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NM records 5 new virus deaths, 205 new cases


In this file photo, Presbyterian staffer Juliette Rohde works with a driver at a coronavirus testing site, established after a spike in cases in the South Valley. (Adolphe Pierre-Louis/Journal)

Copyright © 2020 Albuquerque Journal

SANTA FE – New Mexico reported five more coronavirus deaths – including a Sandoval County man at least 100 years old – as the statewide death toll climbed to 755.

Health officials also announced that testing had detected 205 new virus cases, pushing the state’s seven-day rolling average to 141. The new figure remains well below the state’s goal of an average of 168 cases a day.

All five people whose deaths were reported Wednesday had underlying medical conditions of some kind, a risk factor for COVID-19, the disease caused by the coronavirus.

They ranged in age from their 40s to their 100s, health officials said.

The deaths come as Gov. Michelle Lujan Grisham and top health officials prepare to brief the public Thursday on changes to New Mexico’s health order. She has already announced plans to allow indoor dining at restaurants and breweries on a limited basis, and to boost the operating capacity of churches, starting this weekend.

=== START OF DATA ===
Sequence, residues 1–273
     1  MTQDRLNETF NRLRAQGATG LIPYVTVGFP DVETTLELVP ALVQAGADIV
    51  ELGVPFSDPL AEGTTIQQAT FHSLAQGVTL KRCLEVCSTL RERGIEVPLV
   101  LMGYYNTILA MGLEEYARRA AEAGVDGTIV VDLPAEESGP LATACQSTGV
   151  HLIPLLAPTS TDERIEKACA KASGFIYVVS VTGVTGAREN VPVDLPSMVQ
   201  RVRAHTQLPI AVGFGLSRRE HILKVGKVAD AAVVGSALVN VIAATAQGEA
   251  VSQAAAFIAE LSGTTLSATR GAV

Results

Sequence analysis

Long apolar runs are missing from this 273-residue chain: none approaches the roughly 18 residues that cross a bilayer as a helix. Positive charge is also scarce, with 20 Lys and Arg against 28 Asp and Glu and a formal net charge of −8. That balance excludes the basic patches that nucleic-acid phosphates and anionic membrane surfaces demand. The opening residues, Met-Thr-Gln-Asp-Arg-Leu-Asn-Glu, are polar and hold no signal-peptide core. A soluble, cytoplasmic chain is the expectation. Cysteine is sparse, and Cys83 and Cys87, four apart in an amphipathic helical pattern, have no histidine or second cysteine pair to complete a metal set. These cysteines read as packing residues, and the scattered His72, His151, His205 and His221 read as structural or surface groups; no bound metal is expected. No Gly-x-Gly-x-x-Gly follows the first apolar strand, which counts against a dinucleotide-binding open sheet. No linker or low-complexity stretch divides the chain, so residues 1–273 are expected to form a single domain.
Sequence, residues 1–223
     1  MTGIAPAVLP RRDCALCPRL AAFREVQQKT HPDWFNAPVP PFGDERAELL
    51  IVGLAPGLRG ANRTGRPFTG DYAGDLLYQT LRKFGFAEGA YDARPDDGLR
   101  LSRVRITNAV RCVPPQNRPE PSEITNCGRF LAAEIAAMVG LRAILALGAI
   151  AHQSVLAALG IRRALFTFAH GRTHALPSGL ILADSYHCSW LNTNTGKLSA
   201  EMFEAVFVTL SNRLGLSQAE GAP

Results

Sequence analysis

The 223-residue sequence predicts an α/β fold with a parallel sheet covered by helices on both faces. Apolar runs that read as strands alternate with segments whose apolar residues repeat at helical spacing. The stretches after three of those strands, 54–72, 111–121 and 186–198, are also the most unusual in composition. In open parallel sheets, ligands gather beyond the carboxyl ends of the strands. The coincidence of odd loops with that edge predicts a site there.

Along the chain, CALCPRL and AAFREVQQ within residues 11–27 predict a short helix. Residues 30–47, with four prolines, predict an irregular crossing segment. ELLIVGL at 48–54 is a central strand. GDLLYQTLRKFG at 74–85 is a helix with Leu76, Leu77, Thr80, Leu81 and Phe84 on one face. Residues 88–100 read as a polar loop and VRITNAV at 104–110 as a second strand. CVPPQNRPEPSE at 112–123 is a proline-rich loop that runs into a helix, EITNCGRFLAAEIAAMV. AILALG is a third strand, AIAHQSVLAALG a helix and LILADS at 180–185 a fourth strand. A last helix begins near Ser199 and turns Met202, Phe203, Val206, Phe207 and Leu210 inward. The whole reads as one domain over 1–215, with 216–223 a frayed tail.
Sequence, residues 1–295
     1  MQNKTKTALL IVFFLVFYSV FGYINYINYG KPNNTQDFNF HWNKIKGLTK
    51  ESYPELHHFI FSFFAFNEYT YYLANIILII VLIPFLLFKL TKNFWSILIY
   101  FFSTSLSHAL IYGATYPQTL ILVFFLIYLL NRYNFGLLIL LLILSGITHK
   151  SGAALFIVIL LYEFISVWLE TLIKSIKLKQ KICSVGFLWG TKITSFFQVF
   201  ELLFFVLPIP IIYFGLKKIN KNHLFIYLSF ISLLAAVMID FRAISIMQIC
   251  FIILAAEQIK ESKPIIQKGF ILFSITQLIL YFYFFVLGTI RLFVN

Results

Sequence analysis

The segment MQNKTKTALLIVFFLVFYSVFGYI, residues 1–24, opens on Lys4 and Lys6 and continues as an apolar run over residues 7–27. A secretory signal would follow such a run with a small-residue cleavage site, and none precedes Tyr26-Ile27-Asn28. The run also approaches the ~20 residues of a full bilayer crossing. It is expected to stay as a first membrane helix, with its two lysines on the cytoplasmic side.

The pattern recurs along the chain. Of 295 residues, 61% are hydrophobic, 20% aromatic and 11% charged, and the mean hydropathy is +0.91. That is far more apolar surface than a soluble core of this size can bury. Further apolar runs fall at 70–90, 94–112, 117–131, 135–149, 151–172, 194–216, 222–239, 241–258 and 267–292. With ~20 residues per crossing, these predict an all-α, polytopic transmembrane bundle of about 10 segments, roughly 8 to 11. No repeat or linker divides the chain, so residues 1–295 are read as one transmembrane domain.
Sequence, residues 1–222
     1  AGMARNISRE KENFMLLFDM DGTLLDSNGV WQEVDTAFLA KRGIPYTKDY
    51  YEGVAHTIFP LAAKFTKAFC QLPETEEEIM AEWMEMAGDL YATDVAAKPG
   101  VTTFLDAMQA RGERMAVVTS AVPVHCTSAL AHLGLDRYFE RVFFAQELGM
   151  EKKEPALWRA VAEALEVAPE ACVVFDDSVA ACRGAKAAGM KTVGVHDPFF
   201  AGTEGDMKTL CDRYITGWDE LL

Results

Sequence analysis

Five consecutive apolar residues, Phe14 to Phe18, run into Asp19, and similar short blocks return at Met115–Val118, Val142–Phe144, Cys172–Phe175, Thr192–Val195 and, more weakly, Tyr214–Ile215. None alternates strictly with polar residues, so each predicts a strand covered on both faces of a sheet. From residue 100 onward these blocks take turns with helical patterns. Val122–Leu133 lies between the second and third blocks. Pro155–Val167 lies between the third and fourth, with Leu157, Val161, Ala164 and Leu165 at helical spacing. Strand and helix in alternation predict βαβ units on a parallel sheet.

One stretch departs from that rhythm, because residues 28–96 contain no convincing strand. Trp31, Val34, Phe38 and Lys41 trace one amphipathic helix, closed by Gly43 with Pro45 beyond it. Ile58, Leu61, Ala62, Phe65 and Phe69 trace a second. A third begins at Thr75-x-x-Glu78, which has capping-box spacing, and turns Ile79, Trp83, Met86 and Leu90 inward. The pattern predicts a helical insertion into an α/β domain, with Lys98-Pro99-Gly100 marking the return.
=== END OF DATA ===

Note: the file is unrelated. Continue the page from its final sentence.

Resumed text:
But other changes may be unveiled. A key question is whether to allow elementary school students to return to campus for two days a week after Labor Day as part of a hybrid learning schedule that includes a mix of in-person and online classes.

With Wednesday’s numbers, New Mexico remains in compliance with seven of its eight reopening criteria – with contact tracing the lone trouble spot. The Department of Health estimates it takes 47 hours to isolate someone who may have been exposed to COVID-19, which is 11 hours longer than the state’s goal.

Bernalillo County, the state’s most populous county, led the state with 39 new virus cases Wednesday, followed by Lea County with 27 infections.

But statistical modeling for the state estimates that the disease is spreading most rapidly in northeastern New Mexico, an area that includes Santa Fe and Rio Arriba counties.

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